What are we worried about?

Water contamination and risk reporting

Of all the controversial issues related to coal seam gas, there are two which dominate: the use of chemicals in hydraulic fraccing, and exploration/mining rights on private land. This blog, concerned with scientific controversy, will focus on the use of chemicals.

Source: AAP Image/Miles Godrey

There is concern that chemicals used in the fraccing process will enter the groundwater system (particularly the Great Artesian Basin), will contaminate the drinking water supply and lead to adverse human health impacts. One of the plainest statements I’ve seen about the human health impacts was in the  recent submission to the Senate inquiry into the impact of coal seam gas in the Murray Darling basin, prepared by the Doctors for the Environment Australia. This submission stated that some of the compounds used in the fraccing process can:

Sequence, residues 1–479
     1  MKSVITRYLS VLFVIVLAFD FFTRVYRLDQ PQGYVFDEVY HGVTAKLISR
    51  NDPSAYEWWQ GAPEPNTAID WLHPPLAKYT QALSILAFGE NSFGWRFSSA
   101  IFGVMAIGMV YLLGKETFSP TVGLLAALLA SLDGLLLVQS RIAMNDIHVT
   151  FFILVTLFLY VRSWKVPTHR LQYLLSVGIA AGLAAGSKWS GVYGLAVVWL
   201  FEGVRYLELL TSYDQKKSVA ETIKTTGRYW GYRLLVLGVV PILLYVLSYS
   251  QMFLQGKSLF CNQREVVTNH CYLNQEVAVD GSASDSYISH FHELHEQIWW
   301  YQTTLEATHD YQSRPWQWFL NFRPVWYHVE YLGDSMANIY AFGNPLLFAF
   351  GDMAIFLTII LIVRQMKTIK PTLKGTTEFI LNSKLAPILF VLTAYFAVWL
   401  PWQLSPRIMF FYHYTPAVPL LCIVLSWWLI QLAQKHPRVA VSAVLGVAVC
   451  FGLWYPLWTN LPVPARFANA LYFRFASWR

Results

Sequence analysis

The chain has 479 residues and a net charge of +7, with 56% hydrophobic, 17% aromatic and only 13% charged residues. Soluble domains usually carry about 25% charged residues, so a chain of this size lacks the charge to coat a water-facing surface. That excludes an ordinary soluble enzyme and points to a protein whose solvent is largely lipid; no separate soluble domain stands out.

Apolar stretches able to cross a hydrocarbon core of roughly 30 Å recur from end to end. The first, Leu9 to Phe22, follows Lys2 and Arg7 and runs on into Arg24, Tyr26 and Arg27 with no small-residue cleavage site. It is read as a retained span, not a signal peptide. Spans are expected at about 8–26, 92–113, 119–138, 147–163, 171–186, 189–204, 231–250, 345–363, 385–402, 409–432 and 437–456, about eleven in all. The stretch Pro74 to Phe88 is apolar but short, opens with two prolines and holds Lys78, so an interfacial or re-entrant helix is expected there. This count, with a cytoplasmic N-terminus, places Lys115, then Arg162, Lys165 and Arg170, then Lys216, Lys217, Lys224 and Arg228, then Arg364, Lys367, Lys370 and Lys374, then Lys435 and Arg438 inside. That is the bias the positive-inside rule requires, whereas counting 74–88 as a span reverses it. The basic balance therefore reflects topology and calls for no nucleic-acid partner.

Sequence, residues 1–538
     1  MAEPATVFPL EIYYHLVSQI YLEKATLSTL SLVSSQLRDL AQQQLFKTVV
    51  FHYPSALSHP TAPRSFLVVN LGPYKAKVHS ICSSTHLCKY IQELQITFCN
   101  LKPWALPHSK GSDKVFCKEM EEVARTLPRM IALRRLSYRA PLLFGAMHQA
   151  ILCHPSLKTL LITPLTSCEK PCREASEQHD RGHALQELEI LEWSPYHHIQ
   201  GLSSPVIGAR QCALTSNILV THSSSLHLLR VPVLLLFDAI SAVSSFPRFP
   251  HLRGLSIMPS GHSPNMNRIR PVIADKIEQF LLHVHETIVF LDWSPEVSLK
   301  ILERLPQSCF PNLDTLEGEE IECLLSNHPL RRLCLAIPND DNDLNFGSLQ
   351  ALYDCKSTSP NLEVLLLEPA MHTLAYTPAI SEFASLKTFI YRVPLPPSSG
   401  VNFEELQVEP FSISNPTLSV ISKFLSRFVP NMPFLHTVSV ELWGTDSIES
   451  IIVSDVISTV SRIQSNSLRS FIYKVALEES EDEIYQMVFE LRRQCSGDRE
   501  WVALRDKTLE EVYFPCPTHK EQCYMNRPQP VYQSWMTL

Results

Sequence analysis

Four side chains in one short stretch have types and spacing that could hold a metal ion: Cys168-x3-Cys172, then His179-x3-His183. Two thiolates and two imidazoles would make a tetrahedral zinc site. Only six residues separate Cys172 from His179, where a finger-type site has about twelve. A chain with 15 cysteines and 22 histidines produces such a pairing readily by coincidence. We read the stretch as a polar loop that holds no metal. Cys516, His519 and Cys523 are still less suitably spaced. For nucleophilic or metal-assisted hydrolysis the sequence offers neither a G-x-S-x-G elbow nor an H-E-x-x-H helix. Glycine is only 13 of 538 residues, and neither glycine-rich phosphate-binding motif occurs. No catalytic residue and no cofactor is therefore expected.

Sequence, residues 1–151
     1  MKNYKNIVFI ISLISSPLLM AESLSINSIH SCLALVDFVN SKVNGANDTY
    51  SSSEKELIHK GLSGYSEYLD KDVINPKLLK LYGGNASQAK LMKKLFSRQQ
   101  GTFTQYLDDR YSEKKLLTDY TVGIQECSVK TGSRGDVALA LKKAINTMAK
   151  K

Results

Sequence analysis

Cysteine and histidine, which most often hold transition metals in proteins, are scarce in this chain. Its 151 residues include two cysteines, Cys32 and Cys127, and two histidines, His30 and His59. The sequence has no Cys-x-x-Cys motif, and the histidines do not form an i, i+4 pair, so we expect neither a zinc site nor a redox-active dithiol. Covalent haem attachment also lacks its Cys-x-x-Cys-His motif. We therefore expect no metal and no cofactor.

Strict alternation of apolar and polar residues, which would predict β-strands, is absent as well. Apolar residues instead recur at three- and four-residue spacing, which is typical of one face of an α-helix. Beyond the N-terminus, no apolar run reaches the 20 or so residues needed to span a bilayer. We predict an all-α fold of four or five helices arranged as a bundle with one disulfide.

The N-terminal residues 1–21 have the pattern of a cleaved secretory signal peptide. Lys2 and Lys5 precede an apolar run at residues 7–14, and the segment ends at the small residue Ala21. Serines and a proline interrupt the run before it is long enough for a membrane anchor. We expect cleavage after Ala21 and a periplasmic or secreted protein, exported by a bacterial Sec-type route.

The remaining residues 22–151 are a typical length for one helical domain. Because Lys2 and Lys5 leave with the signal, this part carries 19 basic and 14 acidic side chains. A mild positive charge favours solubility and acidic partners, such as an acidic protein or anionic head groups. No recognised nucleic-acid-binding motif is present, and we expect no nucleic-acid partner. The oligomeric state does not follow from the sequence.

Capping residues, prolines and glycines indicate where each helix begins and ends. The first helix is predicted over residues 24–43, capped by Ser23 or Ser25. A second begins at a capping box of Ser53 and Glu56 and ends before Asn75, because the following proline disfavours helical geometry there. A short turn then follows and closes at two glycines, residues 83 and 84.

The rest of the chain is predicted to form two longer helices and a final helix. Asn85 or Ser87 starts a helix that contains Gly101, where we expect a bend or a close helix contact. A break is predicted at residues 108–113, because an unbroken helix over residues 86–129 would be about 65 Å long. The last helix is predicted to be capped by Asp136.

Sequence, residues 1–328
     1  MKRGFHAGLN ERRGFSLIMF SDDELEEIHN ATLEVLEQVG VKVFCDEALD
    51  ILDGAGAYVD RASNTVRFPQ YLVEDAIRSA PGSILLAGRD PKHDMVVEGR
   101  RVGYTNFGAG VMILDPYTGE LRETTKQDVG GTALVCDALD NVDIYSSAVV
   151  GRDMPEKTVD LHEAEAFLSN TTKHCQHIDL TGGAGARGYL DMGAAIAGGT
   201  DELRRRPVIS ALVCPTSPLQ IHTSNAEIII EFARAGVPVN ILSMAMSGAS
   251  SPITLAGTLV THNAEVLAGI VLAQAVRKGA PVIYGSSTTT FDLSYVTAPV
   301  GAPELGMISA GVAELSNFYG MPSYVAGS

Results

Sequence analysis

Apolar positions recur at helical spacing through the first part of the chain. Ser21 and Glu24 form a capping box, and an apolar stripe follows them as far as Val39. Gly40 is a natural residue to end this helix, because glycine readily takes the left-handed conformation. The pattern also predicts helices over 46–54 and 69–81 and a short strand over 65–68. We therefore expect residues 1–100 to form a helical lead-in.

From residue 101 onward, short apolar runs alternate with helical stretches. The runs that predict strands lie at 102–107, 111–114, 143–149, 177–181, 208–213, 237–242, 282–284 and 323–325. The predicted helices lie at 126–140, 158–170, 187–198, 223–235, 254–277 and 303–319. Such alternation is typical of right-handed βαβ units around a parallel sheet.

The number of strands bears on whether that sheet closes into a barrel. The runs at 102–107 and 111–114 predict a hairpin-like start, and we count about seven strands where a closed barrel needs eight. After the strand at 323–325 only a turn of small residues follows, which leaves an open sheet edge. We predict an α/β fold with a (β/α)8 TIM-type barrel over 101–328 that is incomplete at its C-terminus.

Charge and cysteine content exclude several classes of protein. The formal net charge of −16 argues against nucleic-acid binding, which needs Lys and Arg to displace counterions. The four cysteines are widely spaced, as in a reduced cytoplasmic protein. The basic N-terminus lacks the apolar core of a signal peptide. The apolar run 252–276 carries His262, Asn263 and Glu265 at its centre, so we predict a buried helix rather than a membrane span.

“produce short-term health effects and some may contribute to systemic illness and/or cancer many years later”

Most other articles and reports I’ve read refer to ‘adverse human health impacts’ without providing any details such as likelihood of risk or records of actual health impacts. In fact, it’s quite common for articles to list a number of chemicals which might be used in fraccing and then state the potential hazards of that chemical, without drawing any particular conclusions. Instead, the reader is left to connect the dots for themselves. I suspect that this style of reporting often leads to the reader making far more drastic assumptions about the impacts of coal seam gas extraction than the report intended.

Personally, I find the practice of implying hazards, rather than stating them, to be manipulative and unhelpful to those of us who are genuinely concerned with understanding the risks associated with the coal seam gas process. If there is a genuine risk, say so. If there is potential for human health impacts, say so. Weaseling around a topic without specifically drawing a conclusion is weak and does nothing to support an argument.

Next up: what are the chemicals used in fraccing?


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